The vitriol that women and minorities experience online is anecdotally obvious, but now we have the data. Perhaps finally, news organisations will wake up to how the scale and scales of abuse are tipped towards women and minorities. The bigger picture also calls into question the value of comment sections at all. Whatever the motivations for the Guardian study, what is shows is something any journalist who is not male, straight, white, or all three already knew, but that was often undermined by their male, straight, white, peers. Women get more flack because they are female. That doesn’t mean that male journalists never get abuse, but the motivation for that abuse is different. Gendered abuse or criticism is not as obvious as “I hate this article because you’re a woman”. It is more insidious than that. Male journalists are often criticised for the opinions they hold, whereas women are often criticised just for holding opinions.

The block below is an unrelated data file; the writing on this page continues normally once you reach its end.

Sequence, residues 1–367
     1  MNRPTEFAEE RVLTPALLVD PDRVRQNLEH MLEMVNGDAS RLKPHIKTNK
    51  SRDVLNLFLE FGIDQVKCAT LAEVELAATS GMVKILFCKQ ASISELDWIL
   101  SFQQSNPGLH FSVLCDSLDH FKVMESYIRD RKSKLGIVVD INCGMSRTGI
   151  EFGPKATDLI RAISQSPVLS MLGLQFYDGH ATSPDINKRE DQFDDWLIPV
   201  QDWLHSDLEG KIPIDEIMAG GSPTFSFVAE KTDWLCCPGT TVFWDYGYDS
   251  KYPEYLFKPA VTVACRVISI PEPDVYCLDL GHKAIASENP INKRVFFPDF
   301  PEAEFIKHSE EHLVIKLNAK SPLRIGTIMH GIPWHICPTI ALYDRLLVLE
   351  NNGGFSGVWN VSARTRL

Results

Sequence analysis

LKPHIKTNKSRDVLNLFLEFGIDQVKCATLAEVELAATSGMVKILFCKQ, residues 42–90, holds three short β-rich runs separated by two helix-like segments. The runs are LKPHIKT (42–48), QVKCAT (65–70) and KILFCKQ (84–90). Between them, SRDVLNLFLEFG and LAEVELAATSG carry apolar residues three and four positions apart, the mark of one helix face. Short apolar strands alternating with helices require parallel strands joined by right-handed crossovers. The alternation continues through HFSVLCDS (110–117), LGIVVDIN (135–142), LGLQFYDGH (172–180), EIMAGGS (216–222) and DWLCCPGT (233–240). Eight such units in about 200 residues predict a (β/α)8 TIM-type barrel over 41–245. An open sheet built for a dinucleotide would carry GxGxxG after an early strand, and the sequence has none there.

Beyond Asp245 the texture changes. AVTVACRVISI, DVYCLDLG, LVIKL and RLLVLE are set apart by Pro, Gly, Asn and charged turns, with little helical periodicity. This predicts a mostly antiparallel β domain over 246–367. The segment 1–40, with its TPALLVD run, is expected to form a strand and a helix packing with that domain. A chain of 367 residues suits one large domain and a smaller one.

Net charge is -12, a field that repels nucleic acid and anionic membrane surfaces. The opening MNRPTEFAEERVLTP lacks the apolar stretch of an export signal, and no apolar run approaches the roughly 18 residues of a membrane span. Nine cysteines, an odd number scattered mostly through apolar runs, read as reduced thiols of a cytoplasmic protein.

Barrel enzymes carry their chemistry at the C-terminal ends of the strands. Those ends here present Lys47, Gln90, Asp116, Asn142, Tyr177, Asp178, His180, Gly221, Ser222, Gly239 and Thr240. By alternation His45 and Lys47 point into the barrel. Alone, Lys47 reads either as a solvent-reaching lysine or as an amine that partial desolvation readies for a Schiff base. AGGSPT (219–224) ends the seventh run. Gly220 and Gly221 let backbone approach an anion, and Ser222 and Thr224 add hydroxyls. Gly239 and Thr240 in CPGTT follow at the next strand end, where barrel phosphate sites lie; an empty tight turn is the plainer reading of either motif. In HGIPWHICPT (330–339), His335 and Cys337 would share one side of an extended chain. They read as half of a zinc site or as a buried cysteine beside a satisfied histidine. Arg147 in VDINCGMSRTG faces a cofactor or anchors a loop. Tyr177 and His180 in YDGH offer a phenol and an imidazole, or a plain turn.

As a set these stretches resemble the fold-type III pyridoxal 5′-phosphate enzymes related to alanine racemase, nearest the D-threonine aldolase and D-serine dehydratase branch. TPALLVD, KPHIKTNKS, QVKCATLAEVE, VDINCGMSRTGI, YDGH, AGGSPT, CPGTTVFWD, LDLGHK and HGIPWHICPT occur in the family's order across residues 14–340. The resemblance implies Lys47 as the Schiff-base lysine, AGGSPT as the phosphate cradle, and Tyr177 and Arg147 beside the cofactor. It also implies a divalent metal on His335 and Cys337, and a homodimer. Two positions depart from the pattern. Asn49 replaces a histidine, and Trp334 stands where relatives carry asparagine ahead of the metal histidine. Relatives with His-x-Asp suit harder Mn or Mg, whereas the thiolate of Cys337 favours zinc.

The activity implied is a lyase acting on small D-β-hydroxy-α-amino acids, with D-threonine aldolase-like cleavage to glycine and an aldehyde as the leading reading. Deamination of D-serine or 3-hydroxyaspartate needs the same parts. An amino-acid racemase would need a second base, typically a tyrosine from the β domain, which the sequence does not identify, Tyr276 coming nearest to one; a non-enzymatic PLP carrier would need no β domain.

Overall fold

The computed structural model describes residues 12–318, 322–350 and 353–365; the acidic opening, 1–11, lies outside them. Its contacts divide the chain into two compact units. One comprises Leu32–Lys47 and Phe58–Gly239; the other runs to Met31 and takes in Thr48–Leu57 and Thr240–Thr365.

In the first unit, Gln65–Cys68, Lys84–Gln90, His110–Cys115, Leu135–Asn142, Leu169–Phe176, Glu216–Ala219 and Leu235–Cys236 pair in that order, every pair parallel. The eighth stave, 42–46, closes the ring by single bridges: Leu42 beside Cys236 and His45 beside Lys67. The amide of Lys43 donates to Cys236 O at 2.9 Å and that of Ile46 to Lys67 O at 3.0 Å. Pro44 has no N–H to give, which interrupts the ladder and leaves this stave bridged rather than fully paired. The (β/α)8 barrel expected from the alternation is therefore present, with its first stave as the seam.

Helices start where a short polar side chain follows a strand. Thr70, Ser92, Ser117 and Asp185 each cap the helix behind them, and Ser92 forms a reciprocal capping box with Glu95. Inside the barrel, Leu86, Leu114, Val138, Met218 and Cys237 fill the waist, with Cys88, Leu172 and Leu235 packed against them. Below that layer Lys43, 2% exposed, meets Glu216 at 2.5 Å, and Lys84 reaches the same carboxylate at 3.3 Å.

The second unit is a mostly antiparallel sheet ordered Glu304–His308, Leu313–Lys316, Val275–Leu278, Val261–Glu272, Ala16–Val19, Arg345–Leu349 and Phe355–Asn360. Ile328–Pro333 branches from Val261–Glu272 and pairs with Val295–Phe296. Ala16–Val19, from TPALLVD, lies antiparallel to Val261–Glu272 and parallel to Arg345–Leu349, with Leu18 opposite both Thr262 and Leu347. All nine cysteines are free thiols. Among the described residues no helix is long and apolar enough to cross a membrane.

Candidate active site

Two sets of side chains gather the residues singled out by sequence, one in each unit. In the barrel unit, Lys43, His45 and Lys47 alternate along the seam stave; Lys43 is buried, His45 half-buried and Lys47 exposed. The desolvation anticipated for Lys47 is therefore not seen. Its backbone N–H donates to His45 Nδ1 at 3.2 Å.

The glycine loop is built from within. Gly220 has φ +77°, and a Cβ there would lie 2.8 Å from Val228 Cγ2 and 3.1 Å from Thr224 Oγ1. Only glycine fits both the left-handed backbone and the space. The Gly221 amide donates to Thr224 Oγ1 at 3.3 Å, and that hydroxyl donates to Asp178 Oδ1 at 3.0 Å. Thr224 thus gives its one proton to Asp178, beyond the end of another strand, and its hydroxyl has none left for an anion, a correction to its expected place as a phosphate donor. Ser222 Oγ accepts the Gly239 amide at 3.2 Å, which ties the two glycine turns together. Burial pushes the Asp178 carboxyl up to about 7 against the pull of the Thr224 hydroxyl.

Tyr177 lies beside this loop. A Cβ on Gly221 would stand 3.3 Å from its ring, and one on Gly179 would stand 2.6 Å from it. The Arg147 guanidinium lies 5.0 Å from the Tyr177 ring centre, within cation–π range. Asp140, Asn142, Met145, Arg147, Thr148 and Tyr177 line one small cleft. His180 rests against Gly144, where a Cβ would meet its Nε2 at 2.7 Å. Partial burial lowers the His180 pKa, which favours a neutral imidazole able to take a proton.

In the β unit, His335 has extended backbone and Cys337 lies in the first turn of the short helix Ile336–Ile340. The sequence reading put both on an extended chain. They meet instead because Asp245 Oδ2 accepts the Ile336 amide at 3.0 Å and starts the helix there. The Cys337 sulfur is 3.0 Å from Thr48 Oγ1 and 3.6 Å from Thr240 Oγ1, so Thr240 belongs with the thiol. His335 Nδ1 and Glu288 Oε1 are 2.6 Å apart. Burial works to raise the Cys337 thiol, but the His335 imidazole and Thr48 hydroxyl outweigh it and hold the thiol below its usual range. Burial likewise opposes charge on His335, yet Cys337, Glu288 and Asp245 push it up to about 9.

When people put the rhetoric of abuse and criticism in comment sections down to the default language of the internet, what is really insinuated is that this is the the type of language that certain people online have to put up with, primarily anyone with an opinion that does not come from a place of relative privilege. There is a lot of sniggering at the idea of “safe spaces” for those who have rarely needed to engage with that idea. But the internet is a very “safe space” for angry white men to say whatever they want, and everyone else just has to put up with that, which is basically an amplified representation of the world we live in. Any suggestion about stopping this culture is generally met with resistance from those who are the least likely to be victims of it.